Anemia in older adults is a risk factor for numerous negative outcomes. There is no standard definition, but in most studies, anemia is defined as a hemoglobin value <12 g/dL for women and <13 g/dL for men. Absolute iron deficiency anemia is defined as the combination of anemia and the absence of total body iron. Serum ferritin is the most frequently used diagnostic parameter, but its concentration increases with age and in the presence of inflammatory diseases. Other laboratory tests, such as transferrin saturation, soluble transferrin receptor and the soluble transferrin receptor/ferritin index might provide useful information, but there is a wide variety in the cut‐off values and interpretation of the results. Recent research regarding hepcidin as a central regulator of iron homeostasis is promising, but it has not been used yet for the routine diagnosis of iron deficiency anemia. In older iron deficiency anemia patients, an esophagogastroduodenoscopy and colonoscopy should be initiated in order to identify the underlying bleeding cause. CT colonography can replace a colonoscopy, and in specific cases, a video capsule is recommended. It remains crucial to keep in mind which potential benefits might be expected from these investigations in this vulnerable population, taking into account the comorbidity and life expectancy, and one should discuss in advance the possible therapeutic options and complications with the patient, a family member or a proxy. Oral iron administration is the standard treatment, but parenteral iron is a convenient and safe way to provide the total iron dose in one or a few sessions. Geriatr Gerontol Int 2018; 18: 373–379.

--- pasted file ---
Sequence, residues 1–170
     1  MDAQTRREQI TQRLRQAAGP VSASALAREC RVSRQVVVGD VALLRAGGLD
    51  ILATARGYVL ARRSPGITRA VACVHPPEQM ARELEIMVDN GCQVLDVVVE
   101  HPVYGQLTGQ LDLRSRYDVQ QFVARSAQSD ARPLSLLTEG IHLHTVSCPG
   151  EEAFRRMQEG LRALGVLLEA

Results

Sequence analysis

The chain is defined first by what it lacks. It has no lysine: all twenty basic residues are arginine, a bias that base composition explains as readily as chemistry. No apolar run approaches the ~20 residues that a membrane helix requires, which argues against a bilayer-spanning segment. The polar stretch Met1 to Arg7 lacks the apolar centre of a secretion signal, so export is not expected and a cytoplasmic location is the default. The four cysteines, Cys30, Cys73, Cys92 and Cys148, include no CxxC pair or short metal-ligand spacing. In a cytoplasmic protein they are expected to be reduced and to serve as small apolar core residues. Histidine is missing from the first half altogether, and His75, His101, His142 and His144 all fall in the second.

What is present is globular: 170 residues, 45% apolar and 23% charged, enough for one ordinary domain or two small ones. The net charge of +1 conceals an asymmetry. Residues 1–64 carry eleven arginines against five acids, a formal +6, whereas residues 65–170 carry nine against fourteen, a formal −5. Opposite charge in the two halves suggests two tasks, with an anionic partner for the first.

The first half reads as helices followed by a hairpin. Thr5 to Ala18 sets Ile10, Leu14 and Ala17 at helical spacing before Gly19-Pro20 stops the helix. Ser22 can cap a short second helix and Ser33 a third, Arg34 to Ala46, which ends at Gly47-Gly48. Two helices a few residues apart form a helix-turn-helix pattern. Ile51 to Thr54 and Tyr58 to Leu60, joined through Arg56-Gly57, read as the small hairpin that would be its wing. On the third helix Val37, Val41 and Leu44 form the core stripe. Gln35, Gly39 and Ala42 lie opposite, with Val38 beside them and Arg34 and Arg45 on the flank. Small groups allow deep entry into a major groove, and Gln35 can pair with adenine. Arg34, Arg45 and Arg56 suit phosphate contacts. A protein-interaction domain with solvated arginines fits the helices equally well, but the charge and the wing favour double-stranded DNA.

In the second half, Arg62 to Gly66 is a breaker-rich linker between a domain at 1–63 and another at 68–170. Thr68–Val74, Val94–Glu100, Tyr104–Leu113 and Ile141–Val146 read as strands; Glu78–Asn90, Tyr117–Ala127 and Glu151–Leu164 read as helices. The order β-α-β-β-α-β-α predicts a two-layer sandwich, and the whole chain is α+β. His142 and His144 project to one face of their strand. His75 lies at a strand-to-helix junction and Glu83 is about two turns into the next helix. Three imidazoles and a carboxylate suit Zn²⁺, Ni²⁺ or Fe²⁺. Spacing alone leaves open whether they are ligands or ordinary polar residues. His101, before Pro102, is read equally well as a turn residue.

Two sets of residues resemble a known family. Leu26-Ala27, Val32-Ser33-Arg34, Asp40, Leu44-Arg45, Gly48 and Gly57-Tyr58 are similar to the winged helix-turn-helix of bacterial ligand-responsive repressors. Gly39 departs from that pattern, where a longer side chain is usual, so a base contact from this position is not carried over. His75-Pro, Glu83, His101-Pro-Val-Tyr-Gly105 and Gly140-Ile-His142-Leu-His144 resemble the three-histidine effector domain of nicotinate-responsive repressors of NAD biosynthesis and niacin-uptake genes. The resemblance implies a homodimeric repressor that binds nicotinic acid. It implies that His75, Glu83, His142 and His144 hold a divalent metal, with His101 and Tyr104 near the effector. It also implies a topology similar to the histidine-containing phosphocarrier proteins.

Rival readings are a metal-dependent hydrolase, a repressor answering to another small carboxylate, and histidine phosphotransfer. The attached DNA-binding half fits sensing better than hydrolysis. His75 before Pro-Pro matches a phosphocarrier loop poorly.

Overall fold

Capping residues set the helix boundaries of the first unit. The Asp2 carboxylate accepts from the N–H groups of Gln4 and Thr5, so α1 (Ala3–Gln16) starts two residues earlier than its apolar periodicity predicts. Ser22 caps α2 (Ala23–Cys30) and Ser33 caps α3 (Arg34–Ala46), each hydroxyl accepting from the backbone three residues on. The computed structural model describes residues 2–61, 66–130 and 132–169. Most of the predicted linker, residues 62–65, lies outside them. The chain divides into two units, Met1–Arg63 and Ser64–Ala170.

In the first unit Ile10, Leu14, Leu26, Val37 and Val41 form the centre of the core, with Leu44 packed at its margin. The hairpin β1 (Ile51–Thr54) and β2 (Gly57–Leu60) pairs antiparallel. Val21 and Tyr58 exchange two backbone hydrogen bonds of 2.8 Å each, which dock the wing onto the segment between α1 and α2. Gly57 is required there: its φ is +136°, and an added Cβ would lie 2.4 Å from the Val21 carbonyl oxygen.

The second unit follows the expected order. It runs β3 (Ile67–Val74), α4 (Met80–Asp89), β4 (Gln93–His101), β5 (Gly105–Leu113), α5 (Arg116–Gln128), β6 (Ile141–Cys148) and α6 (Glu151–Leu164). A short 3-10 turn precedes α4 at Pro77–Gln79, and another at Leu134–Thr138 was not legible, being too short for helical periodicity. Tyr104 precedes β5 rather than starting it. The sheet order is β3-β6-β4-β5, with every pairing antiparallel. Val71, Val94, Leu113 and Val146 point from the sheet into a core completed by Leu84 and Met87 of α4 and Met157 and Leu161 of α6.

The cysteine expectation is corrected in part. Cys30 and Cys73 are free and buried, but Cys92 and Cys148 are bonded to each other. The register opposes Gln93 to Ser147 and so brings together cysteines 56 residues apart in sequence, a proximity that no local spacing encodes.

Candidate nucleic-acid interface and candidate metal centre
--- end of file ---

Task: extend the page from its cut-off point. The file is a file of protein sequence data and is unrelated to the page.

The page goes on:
Geriatrics & Gerontology International – Wiley
Published: Jan 1, 2018
Keywords: ; ; ;
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